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There are a number of things worth pointing out about the current state of smartphones. The first is that from a hardware standpoint vendors are staying relatively flat with a few seeing slight growth. Here is an updated chart showing IDC’s estimates for smartphone vendor share up to Q3’13.
As you can see not a ton of change any which way. What stands out however, is the continued growth of Android. Here is Gartner’s estimate of Android’s global market share for smartphones.
As you can see this is an important chart. However, without the lacking context it is very misleading. Do spend a minute looking at the rapid rise of Android in this chart because it is important to soak in for the next few data points I will show.
With this rapid and what seems like dominating market share rise of Android we would think that we would see some change in the web browsing statistics yet that is not the case. First let’s look at America. According to StatCounter Android’s market share is declining in the US with iPhone staying relatively steady.
I’m anticipating iPhone to grow slightly in the US with regards to this statistic and even overall OS market share. I also expect Android’s continued decline as well in this statistic. I will update both toward the end of December and add more context.
Next let’s look at worldwide global browsing share. Keep in mind that the earlier Android chart plotting its market share growth is a result of emerging markets coming online and purchasing very low-cost smartphones. Devices that cost less that $150 USD. This is where Android’s growth is coming from and understanding that is key context. Here is a chart from NetMarketShare showing global mobile browser trends.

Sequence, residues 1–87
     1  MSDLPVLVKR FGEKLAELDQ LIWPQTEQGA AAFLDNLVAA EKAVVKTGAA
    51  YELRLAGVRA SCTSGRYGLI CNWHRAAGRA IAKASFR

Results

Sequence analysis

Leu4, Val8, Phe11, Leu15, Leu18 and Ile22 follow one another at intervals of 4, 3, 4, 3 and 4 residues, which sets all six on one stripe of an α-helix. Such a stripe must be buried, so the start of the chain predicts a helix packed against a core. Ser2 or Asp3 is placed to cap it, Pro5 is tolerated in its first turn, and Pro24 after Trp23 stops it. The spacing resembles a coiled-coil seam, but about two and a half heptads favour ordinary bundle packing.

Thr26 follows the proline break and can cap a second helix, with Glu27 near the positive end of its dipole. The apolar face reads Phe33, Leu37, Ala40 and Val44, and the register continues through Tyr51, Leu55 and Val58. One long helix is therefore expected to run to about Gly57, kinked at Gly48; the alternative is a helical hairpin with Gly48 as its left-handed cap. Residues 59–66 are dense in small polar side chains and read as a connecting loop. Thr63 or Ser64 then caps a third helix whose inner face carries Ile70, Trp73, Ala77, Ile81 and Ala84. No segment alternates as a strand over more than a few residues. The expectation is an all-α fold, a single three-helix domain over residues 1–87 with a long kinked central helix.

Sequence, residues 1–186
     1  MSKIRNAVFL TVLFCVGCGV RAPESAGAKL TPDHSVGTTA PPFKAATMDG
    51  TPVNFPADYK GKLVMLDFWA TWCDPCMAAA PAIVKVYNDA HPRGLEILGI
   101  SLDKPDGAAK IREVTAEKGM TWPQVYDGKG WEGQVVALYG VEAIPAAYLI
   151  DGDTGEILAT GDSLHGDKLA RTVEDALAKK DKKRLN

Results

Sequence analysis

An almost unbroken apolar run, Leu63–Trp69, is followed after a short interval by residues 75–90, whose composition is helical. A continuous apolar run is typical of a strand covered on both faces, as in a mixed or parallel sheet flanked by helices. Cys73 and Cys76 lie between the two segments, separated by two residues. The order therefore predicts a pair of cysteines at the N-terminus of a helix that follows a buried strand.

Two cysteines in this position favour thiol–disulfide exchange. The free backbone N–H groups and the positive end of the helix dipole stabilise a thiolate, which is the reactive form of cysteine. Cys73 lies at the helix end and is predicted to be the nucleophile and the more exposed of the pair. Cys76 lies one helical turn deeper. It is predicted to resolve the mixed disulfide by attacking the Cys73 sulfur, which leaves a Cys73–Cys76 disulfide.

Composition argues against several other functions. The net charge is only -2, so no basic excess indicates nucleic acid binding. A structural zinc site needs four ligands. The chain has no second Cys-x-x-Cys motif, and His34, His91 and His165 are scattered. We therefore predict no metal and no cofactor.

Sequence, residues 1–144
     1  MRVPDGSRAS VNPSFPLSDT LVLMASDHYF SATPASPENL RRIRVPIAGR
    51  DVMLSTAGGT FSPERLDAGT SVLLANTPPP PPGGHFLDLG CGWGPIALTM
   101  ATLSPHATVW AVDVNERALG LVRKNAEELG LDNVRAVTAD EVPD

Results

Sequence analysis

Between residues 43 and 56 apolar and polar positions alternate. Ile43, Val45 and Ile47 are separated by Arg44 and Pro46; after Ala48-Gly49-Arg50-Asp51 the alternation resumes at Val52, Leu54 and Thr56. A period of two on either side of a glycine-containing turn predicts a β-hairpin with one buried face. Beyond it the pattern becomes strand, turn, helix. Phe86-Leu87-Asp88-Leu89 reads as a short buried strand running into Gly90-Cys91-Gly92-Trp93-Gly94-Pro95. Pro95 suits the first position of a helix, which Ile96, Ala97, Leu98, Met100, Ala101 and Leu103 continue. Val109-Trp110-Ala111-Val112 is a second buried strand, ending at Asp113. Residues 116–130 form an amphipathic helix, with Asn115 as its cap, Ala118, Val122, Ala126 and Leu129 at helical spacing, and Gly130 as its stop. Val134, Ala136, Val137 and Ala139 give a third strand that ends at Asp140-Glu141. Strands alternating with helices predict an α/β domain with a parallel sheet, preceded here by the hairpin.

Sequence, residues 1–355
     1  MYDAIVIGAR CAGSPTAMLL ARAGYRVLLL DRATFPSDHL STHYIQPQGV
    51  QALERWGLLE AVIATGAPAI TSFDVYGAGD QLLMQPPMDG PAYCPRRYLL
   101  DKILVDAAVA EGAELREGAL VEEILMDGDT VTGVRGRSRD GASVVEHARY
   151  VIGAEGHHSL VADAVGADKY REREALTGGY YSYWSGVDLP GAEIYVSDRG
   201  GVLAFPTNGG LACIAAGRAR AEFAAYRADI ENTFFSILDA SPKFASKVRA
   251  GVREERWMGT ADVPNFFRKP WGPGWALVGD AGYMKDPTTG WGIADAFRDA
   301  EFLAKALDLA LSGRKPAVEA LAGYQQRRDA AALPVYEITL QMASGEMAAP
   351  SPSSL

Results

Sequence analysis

What myself–and many others–are continually perplexed by is that Android’s quarter growth at at WW level does not seem to change its low browser share. So the question we have to ask is why? There are several possible explanations.
First, and quite simply, they are not being bought to browse the web. This does not mean they are not using the devices data connection but that they are not using it to browse the web. Any data being used by the device is coming from a download of an app, media, or other in app usage of data. No network provider would really consider this a heavy data usage point and I think it is clear that these devices are not heavy drivers of data services.
Second, and along those lines, many of these devices are consumers first experience with the internet. Perhaps a significant percent do not have consistent access to Wi-fi at home. We know that data plans vary greatly in these regions and some are very expensive and to a degree extremely slow, particularly in emerging markets. So between price barriers and experience barriers, perhaps the local regions where Android is growing simply do not lend themselves to drive much data. If you have to pay for the data you consume, rather than have an all you can eat data plan, perhaps you are more cautious about the data you use. This would mean that consumers are prioritizing their data usage. We know consumers in these regions likely have a data plan but not a text messaging plan which explains the rise in messaging apps like WeChat, WhatsApp, and Line. Consumers are prioritizing using the web for communication rather than browsing, or other rich web experiences.
Lastly, perhaps a large percentage of these devices are not being purchased with a data plan at all. Only 29% of global mobile subscribers have a data plan. I was told by a carrier in India that just over 50% of their Android device sales did not include data plans. Perhaps this is happening much more than we realize and in all emerging markets.
The key conclusion is that low-end Android phones are not proving to be effective network and business model drivers for the carriers and the carriers know it. This is what makes the speculation of the iPhone’s launch on China Mobile as a part of the launch of their 4G network so interesting. China Mobile, and other Chinese carriers, know that in order for them get a return on their network investments in future networks they need devices on that network that take advantage of those investments as a premium data driver. It seems as though many carriers across the globe know the iPhone will serve as a premium network driver. So as those regions develop and add new network infrastructure it is safe to assume those network carriers will be aggressive about getting devices that drive network value, by way of data, into the hands of consumers.